Tag Archives: New York Public Library

the museum … the library


The late William S. (Bill) Dalzell was a very important and valued friend to me, beginning in my twenties when I first came to New York.

We worked at the same place, 218 East 18th Street — technically not for the same employer, since Bill was a self-employed printer.

We hit it off immediately. Bill (as I turned out to be) was a lover of his adopted city. He grew up in Williamsburg, a suburb of Pittsburgh.

He had many pregnant thoughts. We had such interesting conversations.

He was a confirmed bachelor and a creature of habit.

He never worked on weekends.

On Saturday mornings, he would go to the Metropolitan Museum of Art. He would begin in the cafeteria, nursing a cup of coffee and lost in thought.

He said that for him the museum was like a cathedral. It had that effect on him mentally. Either explicitly or implicitly, he was also thinking of Norte Dame Cathedral. He had been there several times and said it was “the holiest place” he had ever visited.

Which brings to mind the New York Public Library on Fifth Avenue.

It has that effect on me. The beautiful building. The interior. The high ceilings and sunlight streaming through. The staff. The “serious,” “dedicated” sense of purpose and calm quietness. The calming and focusing effect it has on me mentally.


— posted by Roger W. Smith

   October 2022

“a way to avoid death”


I saw the documentary film Ex Libris, directed by Frederick Wiseman, today. The film, which is about the New York Public Library, has just been released.

In one particular scene, a discussion group at the library’s main branch on Fifth Avenue is engaged in a lively exchange of views about a book (naturally): Love in the Time of Cholera (Spanish: El amor en los tiempos del cólera) by Gabriel García Márquez. (I recognized the librarian conducting the discussion. The library is like a second home to me, and this librarian has assisted me with queries and more mundane matters related to using the library for research.)

As is noted in a Wikipedia entry, “The novel examines romantic love in myriad forms. … García Márquez’s main notion is that lovesickness is literally an illness, a disease comparable to cholera.”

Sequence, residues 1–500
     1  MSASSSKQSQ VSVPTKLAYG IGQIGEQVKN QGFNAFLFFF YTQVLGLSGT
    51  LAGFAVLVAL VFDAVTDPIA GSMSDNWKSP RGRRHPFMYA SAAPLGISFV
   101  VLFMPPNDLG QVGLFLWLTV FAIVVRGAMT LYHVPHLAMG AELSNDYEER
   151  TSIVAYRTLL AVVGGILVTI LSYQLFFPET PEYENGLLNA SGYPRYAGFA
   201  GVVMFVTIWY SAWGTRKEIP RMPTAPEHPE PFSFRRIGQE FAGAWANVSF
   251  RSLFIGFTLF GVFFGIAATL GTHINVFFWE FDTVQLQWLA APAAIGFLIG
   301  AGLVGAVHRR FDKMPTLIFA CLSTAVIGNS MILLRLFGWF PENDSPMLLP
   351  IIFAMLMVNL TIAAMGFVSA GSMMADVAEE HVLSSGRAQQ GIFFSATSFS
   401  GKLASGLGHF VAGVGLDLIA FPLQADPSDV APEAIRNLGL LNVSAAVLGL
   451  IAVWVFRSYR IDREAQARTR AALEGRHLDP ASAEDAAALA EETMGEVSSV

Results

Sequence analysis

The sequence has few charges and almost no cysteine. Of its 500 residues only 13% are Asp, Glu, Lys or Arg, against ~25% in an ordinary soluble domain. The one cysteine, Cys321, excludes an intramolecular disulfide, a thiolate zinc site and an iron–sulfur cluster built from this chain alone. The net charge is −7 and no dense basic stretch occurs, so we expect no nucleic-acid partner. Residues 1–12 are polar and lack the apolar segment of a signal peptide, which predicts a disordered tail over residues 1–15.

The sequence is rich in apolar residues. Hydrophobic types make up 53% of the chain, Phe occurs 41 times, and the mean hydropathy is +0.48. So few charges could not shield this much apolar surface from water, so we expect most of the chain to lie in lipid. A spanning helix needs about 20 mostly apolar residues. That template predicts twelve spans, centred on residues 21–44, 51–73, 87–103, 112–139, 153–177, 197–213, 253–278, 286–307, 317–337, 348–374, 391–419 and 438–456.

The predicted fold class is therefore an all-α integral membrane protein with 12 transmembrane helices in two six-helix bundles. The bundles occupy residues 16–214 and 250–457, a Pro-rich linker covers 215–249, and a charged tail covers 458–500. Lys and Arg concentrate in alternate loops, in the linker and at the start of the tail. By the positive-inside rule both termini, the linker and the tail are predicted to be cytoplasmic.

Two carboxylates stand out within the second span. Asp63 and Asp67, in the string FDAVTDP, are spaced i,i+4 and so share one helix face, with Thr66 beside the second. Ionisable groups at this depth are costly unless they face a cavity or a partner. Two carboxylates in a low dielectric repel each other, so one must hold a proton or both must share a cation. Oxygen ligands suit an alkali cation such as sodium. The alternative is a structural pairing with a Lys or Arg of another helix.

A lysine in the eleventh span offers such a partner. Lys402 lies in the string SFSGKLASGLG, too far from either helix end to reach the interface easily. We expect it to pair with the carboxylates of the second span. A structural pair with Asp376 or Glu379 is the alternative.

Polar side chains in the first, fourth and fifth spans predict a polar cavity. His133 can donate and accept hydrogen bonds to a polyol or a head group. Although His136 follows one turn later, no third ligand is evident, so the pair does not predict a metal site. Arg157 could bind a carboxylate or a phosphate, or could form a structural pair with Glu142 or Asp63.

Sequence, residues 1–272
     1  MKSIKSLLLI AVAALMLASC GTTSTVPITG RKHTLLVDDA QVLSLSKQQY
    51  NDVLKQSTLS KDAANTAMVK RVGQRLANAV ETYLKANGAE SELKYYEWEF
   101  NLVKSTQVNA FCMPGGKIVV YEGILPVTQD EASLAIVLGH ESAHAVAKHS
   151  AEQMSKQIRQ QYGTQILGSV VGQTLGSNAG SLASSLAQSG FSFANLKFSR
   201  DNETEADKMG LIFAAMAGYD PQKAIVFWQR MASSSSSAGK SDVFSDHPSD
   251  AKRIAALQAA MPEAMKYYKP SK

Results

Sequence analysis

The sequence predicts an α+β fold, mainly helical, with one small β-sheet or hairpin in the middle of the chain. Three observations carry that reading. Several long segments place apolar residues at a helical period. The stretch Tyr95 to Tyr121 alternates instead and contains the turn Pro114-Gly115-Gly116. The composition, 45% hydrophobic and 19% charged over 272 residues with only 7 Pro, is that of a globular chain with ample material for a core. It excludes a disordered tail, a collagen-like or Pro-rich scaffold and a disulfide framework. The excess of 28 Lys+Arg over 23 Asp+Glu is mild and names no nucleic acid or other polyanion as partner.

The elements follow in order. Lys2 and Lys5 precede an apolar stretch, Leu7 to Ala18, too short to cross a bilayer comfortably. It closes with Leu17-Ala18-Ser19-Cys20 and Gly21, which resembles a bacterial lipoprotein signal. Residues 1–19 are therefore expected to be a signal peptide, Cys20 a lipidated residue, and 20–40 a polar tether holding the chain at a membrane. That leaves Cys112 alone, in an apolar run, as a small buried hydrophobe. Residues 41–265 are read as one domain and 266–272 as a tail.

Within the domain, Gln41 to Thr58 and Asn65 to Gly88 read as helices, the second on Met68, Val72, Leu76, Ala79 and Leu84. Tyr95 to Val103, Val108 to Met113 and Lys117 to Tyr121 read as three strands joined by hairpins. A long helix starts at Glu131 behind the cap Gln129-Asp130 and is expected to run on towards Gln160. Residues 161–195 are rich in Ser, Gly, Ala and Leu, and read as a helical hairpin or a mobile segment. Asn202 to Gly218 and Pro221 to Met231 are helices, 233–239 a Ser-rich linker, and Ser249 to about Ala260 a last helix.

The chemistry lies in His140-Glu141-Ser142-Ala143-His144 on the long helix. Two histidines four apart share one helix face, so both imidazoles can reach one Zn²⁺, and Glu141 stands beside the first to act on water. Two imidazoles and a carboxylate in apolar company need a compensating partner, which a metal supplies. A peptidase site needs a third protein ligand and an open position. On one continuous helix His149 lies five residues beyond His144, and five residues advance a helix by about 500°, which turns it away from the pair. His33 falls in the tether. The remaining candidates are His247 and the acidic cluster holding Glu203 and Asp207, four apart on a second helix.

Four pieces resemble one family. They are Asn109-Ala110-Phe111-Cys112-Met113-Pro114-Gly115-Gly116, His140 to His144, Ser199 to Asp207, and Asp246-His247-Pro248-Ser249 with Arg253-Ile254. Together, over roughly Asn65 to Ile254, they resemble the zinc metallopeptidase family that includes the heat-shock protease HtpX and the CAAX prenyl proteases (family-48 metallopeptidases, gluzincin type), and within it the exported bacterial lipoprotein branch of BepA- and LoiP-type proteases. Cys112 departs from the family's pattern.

This idea was batted around in the discussion group seen in the film. The compulsive pursuit of love in old age by one of the main characters was brought up. Several participants in the discussion said that they were in their seventies.

A young man spoke up and posed a rhetorical question, followed by his own answer.

“What is love?” he asked. “It’s a way to avoid death. For as long as you can.”


— Roger W. Smith

  September 16, 2017

New York Public Library


Below are photographs of the main research library, New York Public Library, Stephen A. Schwarzman Building, Fifth Avenue between 40th and 42nd Streets, New York, NY.

A wonderful place — to visit; to do research; to find books that are long out of print; to read and reflect; to restore one’s sanity.

There’s no other public library like it.

Attracts readers and visitors from everywhere, yet never feels crowded.

Open and welcoming to all. No fees or permissions required.

Knowledgeable staff ready and eager to serve you.

Incredible resources.


— posted by Roger W. Smith




photographs by Roger W. Smith



Pete's version, modified by Roger, of Aug 15 NYPL photo.jpg

main reading room - NYPL 1-28-2019.jpg

main reading room, NYPL 12-6-2018



New York Public Library 3-4-2019.jpg

42nd Street in the rain


42nd Street, April 11, 2016.JPG


I took this photo in April 2016 on 42nd Street between Fifth and Sixth Avenues. Manhattan is a wonderful place.

The New York Public Library — a surprisingly uncrowded, peaceful facility that invites study and scholarship, that welcomes and affords pleasure to the user, and that is staffed by knowledgeable librarians ready to assist you — is to the left.


— posted by Roger W. Smith

    June 2016